“Happiest Season” blazes new paths for LGBTQ+ representation in romantic comedies

Released+on+Hulu+on+Nov.+25th%2C+%22Happiest+Season%22+is+the+first+LGBTQ%2B+Christmas+rom-com+produced+by+a+major+studio.

Photo Courtesy of @happiestseason on Instagram

Released on Hulu on Nov. 25th, “Happiest Season” is the first LGBTQ+ Christmas rom-com produced by a major studio.

By Olivia Yasharoff, Arts Editor

The most wonderful time of the year is rapidly approaching and holiday season lovers are gearing up by binging their favorite feel-good Christmas movies. This year, a Christmas movie that breaks the cookie-cutter mold is available to viewers: a LGBTQ+ romantic comedy.

“Happiest Season,” directed by actress and writer Clea DuVall, who is a lesbian, was released on streaming device Hulu on Nov. 25. The film centers on Abby (Kristen Stewart) and her girlfriend Harper (Mackenzie Davis) who, on a whim, invites Abby to spend Christmas with her family. Harper leaves an important detail out though: she has yet to come out to her parents. 

Shocked, Abby, who was planning to propose during the trip, reluctantly agrees to come even though she is disappointed that Harper has not told her family that they are together, instead saying that they are only roommates. Viewers can understand Harper’s reluctance in coming out as her seemingly picture perfect, but very flawed, family is introduced. 

Harper’s mother, Tipper (Mary Steenburgen), who viewers may recognize from her role in “Elf,” is a bit of a control freak and wants to make sure that everything runs smoothly as Christmas approaches and her husband, Ted (Victor Garber), campaigns for mayor. Next, viewers meet Harper’s quirky and often overlooked younger sister, Jane (Mary Holland) and her pretentious and competitive older sister Sloane (Allison Brie). Harper and her siblings compete throughout the film for the attention and love of their parents and strive to be perfect in order to win their affection.

Forced back into the closet and along for the ride, Abby faces many stressful situations like having to watch Harper’s mom set her up with her high school boyfriend, being framed for shoplifting and most upsettingly, having to hide her true self. 

Later in the movie, a character played by “Parks and Recreation” alum Aubrey Plaza is revealed to be Harper’s first (and secret) girlfriend from their childhood, named Riley. Interestingly enough, Abby has more chemistry with Riley than Harper but sadly nothing ever comes of it.

Although the film centers Stewart and Davis, the true stars of the movie were Plaza, Holland and Daniel Levy, most famously from “Schitt’s Creek,” who played Abby’s friend John, one of the main sources of the very much needed comedic relief.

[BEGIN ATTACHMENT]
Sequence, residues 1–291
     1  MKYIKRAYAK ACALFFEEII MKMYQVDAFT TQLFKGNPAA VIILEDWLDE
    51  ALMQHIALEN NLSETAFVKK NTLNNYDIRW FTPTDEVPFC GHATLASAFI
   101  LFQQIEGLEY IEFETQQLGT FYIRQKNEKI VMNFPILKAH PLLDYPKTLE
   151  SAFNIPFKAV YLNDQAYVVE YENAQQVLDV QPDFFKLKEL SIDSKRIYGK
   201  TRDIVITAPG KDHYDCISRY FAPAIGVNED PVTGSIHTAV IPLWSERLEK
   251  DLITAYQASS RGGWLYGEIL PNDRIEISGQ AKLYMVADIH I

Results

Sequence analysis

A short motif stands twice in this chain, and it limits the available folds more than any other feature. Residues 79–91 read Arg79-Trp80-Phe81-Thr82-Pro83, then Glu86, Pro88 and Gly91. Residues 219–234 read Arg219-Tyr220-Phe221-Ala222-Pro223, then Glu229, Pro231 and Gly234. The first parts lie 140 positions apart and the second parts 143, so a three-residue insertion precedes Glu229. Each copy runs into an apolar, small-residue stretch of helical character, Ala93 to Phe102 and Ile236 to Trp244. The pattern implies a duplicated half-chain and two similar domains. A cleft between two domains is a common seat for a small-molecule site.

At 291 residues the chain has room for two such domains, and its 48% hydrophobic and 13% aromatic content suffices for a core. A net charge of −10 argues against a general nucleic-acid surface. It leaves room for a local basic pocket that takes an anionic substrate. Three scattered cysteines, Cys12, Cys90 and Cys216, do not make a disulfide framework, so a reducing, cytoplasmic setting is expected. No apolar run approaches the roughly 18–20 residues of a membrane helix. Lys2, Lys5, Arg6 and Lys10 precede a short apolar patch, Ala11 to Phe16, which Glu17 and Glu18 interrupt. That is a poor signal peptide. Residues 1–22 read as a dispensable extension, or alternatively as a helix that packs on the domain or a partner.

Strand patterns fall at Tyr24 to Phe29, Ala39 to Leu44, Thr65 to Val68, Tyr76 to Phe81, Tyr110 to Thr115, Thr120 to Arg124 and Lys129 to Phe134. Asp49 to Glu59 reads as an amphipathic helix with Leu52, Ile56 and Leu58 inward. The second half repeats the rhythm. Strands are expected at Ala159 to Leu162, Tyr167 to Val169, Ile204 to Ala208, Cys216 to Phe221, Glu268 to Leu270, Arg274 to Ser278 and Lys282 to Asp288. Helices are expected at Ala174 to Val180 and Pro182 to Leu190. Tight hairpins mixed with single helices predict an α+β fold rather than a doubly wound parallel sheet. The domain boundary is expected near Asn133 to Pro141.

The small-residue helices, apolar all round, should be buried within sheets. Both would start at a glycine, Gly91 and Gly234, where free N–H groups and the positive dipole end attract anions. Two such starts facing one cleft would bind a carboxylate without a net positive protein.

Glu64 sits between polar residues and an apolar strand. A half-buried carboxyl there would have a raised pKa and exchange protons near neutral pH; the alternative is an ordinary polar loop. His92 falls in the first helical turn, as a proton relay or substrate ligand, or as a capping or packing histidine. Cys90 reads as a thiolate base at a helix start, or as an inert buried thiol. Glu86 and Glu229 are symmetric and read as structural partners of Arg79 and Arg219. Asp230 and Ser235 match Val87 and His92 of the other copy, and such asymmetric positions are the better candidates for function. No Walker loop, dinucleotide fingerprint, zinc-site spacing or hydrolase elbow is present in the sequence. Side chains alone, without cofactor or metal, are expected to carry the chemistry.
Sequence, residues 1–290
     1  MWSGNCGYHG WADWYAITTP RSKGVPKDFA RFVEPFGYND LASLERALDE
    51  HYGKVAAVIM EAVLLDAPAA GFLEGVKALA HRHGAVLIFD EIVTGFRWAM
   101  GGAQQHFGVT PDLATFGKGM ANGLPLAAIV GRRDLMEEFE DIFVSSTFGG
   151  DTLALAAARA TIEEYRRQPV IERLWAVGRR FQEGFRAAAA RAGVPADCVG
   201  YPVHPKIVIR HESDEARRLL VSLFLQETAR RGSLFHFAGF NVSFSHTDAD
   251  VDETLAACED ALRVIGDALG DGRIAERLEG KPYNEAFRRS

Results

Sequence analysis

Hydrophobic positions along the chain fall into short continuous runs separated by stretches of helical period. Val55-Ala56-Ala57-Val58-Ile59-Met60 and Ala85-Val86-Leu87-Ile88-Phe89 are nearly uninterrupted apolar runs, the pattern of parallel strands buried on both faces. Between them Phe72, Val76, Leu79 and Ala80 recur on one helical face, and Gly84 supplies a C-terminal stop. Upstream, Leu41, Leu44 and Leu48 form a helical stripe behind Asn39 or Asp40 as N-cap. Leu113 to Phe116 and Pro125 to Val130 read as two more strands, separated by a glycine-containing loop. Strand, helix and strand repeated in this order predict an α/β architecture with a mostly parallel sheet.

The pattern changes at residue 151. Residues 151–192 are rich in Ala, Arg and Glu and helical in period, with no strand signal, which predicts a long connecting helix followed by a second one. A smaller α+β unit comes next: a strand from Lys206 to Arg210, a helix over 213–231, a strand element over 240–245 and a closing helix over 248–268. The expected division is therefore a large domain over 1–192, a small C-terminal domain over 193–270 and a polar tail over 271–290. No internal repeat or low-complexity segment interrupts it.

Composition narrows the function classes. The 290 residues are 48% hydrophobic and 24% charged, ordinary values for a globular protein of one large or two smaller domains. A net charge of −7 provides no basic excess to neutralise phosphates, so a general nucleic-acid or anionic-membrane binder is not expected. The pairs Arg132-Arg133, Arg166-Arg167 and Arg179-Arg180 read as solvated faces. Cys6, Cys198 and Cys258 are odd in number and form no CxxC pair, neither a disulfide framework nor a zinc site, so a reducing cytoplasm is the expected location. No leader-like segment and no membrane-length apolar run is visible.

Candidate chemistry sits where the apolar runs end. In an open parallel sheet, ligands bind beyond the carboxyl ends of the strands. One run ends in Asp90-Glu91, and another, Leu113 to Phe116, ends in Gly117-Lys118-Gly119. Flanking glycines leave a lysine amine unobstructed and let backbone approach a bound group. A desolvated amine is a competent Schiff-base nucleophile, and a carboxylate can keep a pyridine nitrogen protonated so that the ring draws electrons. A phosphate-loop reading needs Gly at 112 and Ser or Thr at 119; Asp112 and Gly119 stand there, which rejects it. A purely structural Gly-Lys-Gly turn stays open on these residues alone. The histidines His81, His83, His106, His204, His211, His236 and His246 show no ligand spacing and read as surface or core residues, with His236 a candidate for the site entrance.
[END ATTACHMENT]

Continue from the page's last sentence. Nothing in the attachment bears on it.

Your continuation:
While being the first same-sex Christmas rom-com produced by a major studio is a huge milestone, the main focus of the movie was coming out and not just the couple being in love. Almost every movie involving a gay couple focuses on the challenges they face with coming out to their family, but many members of the LGBTQ+ community and allies would love to see a movie where a gay couple can simply exist without having to come to terms with their sexuality in order to be happy.

 “For some LGBTQ+ viewers, watching a movie like this resurfaces the horrors of being closeted – I say this as someone unpacking demons of my own after being closeted for 22 years,” USA Today reporter David Oliver wrote in a review. “I didn’t need to watch a movie like this and relive it. This isn’t a knock on DuVall, as the film is inspired partly by her own coming out experience. But a more nuanced, fleshed-out movie could have gone beyond the trite.”

In any movie starring a straight couple, they never have to come out to their families, so why is this trope constantly displayed for gay couples in film? Coming out can be very difficult and is a struggle for many members of the LGBTQ+ in today’s society, but it would be nice to finally see a movie where the gay couple does not have to hide who they are in fear of how their family would react. At one point in the film, Abby literally hides in a closet so she will not be found trying to sneak into her girlfriend’s room.

Viewers may find themselves rooting against the main couple for many reasons. Harper calls Abby suffocating for caring, flirts with her ex-boyfriend in front of her and makes Abby feel like she has to hide who she is. Some of the blame can be put on Harper’s family for making her feel like being a lesbian did not fit the reputation they were trying to uphold, but that does not excuse how she indirectly shows Abby time and time again that she is embarrassed by her.

John convinces Abby to overlook all of this by telling her, “everybody’s story is different. Just because Harper isn’t ready, doesn’t mean she doesn’t love you.” And while the sentiment does ring true, viewers still cannot help but wish that Abby could be with someone who unapologetically loves her.

The title “Happiest Season” was a bit misleading. Viewers spend most of the movie feeling anxious, frustrated and even upset instead of the calming atmosphere that holiday movies typically curate. While the movie accurately depicts the stress that comes with the holiday season, with all chaos going on in the world today, it is unclear if that is what viewers need right now.

Although far from perfect, the film did provide much needed representation and will hopefully inspire the making of more movies starring gay couples in the future.